Minnesota keeps rolling as Ohio State doomed by slow start

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Minnesota keeps rolling as Ohio State doomed by slow start

How do you know Minnesota is for real?

Even with Nate Mason having a frigid night from the field, the Gophers found plenty of scoring to make up for the guy who was averaging better than 20 points a game in three previous Big Ten contests.

But it was Ohio State's nightmarish offensive start that doomed the Buckeyes and sent the Gophers to a 78-68 victory, their 15th win of the season.

Mason finished with 12 points but was just 2-for-12 from the field, doing most of his damage at the free-throw line, where he was 7-for-9. Akeem Springs made up for Mason's off night, though, with a stellar 18 points, 15 of those coming on five makes from 3-point range. Freshman Amir Coffey poured in a team-high 19 points, with Reggie Lynch adding 10 points.

Ohio State couldn't make a shot to open the game and quickly found itself trailing Minnesota by double digits. Back-to-back triples by Coffey and Springs made it 16-3 before eight minutes had gone by, and the gap was massive at 26-8 with nine and a half minutes still to go before halftime. The Buckeyes chipped away and had the deficit back to single digits with about two minutes till half, but by the time 20 minutes were up, Ohio State had just a 30.3-percent shooting mark, had turned the ball over eight times, missed four free throws and were blocked seven times.

After halftime, things tightened up considerably as the Buckeyes found their shot. Ohio State shot a red-hot 51.6 percent from the field in the second half, but one thing remained constant: Every time the Buckeyes closed within three, four or five points, the Gophers knocked down a big shot to stretch the lead back out. Ohio State spent the entire final 20 minutes playing catch up and never caught up.

Jae'Sean Tate makes a layup to get it down to four, Springs hits a 3 to stretch it back to seven. Marc Loving hits a 3 to get it four, four straight points from Mason and Springs to make it eight. JaQuan Lyle gets it to four with a bucket, Lynch gets a basket to make it six. And so it went throughout.

The closest Ohio State got was three points, 62-59, with four minutes to go. But Jordan Murphy hit two free throws, Mason followed with his second made shot of the game, and after a Buckeyes free throw, Springs knocked down a triple to make it a nine-point game with two minutes left.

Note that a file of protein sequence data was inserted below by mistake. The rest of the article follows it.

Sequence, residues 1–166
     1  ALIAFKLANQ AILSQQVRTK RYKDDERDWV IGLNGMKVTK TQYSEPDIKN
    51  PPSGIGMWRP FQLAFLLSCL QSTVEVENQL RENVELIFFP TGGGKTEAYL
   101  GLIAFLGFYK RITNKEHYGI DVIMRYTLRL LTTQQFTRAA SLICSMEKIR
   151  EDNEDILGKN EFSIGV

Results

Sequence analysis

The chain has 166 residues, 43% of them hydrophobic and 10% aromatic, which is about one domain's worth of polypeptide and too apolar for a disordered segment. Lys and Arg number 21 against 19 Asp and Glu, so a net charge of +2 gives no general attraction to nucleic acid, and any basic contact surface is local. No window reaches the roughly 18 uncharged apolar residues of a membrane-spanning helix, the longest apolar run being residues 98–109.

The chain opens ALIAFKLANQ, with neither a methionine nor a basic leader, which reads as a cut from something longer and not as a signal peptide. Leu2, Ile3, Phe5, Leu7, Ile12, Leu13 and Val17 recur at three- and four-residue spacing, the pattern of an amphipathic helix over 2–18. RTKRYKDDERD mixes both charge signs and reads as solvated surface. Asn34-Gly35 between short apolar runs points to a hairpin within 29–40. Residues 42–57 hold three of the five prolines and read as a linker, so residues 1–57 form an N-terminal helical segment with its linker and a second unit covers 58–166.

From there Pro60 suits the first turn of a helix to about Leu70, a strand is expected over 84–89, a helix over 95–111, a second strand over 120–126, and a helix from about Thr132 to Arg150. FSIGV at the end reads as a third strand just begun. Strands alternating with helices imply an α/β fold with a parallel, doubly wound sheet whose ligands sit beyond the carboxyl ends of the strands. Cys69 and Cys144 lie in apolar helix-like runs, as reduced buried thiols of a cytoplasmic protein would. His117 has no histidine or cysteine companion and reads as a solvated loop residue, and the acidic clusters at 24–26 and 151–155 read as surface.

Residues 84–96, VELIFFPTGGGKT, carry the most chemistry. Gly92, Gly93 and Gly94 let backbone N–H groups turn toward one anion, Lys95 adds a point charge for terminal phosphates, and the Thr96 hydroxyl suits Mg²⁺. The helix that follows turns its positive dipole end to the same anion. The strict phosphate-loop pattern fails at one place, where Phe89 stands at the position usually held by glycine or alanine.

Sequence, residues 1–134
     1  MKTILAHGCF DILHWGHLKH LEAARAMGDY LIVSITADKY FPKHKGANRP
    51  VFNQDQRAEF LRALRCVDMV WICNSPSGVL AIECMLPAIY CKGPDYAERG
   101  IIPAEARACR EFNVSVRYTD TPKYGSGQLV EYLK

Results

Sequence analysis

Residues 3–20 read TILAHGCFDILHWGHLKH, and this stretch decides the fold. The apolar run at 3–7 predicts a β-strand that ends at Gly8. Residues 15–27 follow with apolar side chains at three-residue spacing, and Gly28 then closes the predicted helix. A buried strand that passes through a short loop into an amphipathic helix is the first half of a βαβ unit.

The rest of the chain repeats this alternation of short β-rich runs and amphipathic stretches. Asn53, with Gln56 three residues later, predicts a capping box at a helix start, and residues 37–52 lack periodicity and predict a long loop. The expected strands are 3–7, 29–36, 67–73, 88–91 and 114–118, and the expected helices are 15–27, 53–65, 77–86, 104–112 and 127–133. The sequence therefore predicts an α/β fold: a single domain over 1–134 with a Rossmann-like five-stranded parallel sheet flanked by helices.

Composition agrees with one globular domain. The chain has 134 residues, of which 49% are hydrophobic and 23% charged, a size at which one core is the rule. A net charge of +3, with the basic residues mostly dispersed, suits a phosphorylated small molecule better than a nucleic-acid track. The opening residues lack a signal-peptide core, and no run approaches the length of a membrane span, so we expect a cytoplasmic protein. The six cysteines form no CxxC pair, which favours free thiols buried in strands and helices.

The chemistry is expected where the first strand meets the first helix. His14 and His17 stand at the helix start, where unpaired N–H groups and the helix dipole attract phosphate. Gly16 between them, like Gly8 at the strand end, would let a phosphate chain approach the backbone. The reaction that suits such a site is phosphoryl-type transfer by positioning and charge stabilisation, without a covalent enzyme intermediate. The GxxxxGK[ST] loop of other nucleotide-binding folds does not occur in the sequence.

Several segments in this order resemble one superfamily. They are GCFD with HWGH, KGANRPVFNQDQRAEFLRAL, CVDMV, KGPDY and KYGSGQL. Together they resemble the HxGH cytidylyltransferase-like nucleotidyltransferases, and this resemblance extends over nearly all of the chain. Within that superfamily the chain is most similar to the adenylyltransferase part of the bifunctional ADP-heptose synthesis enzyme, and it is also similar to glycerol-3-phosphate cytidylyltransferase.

The teams ended up shooting nearly the same: 41 percent for Minnesota, 40.6 percent for Ohio State. The Gophers made nine 3-pointers compared to just five for the Buckeyes, but Minnesota took an awful lot of 3-point shots that didn't fall, 9-for-24 on the night. The difference came at the free-throw line, where Ohio State was just 11-for-21, missing 10 shots from the stripe. Minnesota was a much for efficient and productive 19-for-27.

The Gophers got 20 points from their bench — huge on Mason's off night — and blocked a jaw-dropping 12 shots.

Tate finished as the high man in the game with 20 points. Ohio State got double-digit scoring performances from Trevor Thompson (15 points) and Lyle (12 points).

The win bumped Minnesota up to 15-2 overall and 3-1 in Big Ten play. Two straight road games follow over the next week, with a Wednesday trip to Michigan State and a Saturday visit to Penn State.

The loss dropped Ohio State to a winless 0-3 in the Big Ten and 10-6 overall. The Buckeyes play at Wisconsin on Thursday and at home against Michigan State next Sunday.

Big Ten reportedly talking about expanding conference basketball schedule

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Big Ten reportedly talking about expanding conference basketball schedule

Conference play could be getting a bit longer in the Big Ten.

According to a Monday report from ESPN's Jeff Goodman, there are talks about expanding the Big Ten conference basketball schedule from 18 games to 20 games.

Commissioner Jim Delany told Goodman that while there hasn't been a vote among the league's coaches yet, there are ongoing discussions about lengthening conference play by a couple of games.